zig
0

Notifications

  • You're all caught up!

Kinesis Wall Exercises

by
author image Daniel Bradley
Daniel Bradley is a health, fitness, sport and nutrition expert in Philadelphia, Pa. He began writing professionally in 2007 and has contributed to the Mid-Atlantic American College of Sports Medicine Chapter's Research Panel. Bradley is a certified ACSM Health Fitness Specialist and an outdoor fitness instructor. He holds a Bachelor of Science in exercise science with a physical therapy concentration from West Chester University.
Kinesis Wall Exercises
A man is training in a gym with cables. Photo Credit ajkkafe/iStock/Getty Images

Kinesis is a piece of exercise equipment that is unlike many others. Usually dedicated to an entire room, these exercise devices are cable pulleys that are hidden behind wood paneled walls. These cable pulleys allow for a natural full range of motion in any possible direction away form the wall, while maintaining constant resistance. Kinesis will help improve balance, core strength, flexibility and muscular coordination in more than 550 possible movements.

General Benefits

When you are using the Kinesis, you can combine cardiovascular and resistance workouts so that your time at the gym can be decreased. Kinesis targets multiple groups of muscles so productivity increases while workout time decreases. Kinesis allows for a lot of practical push-and-pull type exercises that can be combined with movements, such as the lunge and squat. Neuromuscular control and body awareness are improved when training on the Kinesis as well, since the apparatus allows you to move freely in a 360-degree range of motion while maintaining constant tension.

Sport Specificity

Training on the Kinesis can benefit your sport as well. Many sport specific motions can be translated to the Kinesis. For example, you can practice strengthening the motion of your swing just as if you were standing at the tee if you are a golfer. Or you can practice your various strokes if you are swimmer. Kinesis can even incorporate plyometrics, which -- according to the National Strength and Conditioning Association -- are advantageous when training for sport. By simply adding a box or small hurdle, you can work on explosiveness while supporting a natural resistance through Kinesis.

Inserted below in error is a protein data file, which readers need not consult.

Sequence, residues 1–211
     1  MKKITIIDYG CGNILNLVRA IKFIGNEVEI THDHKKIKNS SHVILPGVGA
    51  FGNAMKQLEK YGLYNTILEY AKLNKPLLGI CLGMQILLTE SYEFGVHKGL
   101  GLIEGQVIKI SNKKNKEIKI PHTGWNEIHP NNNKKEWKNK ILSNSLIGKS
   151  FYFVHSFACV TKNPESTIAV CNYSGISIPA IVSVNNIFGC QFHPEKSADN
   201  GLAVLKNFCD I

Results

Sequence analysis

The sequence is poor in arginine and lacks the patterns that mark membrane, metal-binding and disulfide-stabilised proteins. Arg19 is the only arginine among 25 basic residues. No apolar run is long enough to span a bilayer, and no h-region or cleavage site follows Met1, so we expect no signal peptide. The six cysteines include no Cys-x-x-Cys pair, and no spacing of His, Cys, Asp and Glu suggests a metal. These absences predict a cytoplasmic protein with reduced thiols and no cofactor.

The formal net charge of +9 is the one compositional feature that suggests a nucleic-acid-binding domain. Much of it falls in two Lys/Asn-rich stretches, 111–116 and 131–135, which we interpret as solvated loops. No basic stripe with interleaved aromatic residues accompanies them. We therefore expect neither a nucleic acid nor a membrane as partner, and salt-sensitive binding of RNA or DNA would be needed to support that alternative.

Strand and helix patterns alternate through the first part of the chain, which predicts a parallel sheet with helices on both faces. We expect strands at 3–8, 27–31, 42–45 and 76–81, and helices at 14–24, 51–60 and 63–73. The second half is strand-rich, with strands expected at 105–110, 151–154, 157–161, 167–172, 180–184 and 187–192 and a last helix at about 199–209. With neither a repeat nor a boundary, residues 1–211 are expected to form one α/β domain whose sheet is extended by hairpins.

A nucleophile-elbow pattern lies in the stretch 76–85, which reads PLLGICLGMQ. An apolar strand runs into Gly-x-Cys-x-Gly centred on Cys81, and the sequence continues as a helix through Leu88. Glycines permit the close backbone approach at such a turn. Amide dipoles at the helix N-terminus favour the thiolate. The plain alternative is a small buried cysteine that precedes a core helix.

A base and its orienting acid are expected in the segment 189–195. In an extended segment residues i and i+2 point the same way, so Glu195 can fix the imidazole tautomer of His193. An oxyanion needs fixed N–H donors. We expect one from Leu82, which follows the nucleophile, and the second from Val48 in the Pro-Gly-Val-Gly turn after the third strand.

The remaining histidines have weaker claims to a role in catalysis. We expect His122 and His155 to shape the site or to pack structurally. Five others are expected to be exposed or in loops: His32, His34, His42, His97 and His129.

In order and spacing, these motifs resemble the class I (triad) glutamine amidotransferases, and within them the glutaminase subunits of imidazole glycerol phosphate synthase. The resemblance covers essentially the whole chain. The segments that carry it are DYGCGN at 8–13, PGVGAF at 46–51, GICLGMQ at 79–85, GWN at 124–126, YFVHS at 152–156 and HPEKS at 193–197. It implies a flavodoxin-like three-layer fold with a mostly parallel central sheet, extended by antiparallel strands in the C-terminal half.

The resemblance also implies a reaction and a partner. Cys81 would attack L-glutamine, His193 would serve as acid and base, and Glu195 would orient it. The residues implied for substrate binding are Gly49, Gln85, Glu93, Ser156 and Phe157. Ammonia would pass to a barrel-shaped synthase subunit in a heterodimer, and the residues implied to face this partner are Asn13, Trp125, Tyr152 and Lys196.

Rehabilitative

Many rehabilitative exercises can be performed using the Kinesis. According to the American College of Sports Medicine, healing tissues should not be overstressed, and rehabilitation exercises must be adaptable to each individual's goals and requirements. Due to those parameters, it is advised to seek a physical therapist or orthopaedic doctor before you engage in physical activity after an injury. After receiving a green light to partake in exercise, you may be given an exercise prescription. Kinesis is a beneficial piece of equipment to turn to once you are healthy enough to train on your own, because it will allow you to work the muscle in its natural motion in all planes of movement. For example, if you are recovering from shoulder issues, you can perform lateral raises, shoulder protraction and retraction, using diagonal pulleys and variations of the standing row with light resistance to help strengthen the recovering muscles.

Circuit Training

Kinesis offers an excellent opportunity for circuit training. Circuit training is combining exercises and alternating between them with short rest periods. Circuit training can be done by exercising muscles of the same body region or opposing muscles such as the biceps and triceps. You can also complete a full body workout by alternating upper body, core and lower body. Since Kinesis has a wide range of exercises that can be performed on it, transitioning from one exercise to the next is seamless. According to the University of Wisconsin, circuit training can create beneficial gains in muscular endurance, cardiovascular endurance, muscular strength and burn calories at a faster rate.

LiveStrong Calorie Tracker
Lose Weight. Feel Great Change your life with MyPlate by LIVESTRONG.COM
GOAL
  • Gain 2 pounds per week
  • Gain 1.5 pounds per week
  • Gain 1 pound per week
  • Gain 0.5 pound per week
  • Maintain my current weight
  • Lose 0.5 pound per week
  • Lose 1 pound per week
  • Lose 1.5 pounds per week
  • Lose 2 pounds per week
GENDER
  • Female
  • Male
lbs.
ft. in.

YOU MIGHT ALSO LIKE

CURRENTLY TRENDING

Demand Media

Our Privacy Policy has been updated. Please take a moment and read it here.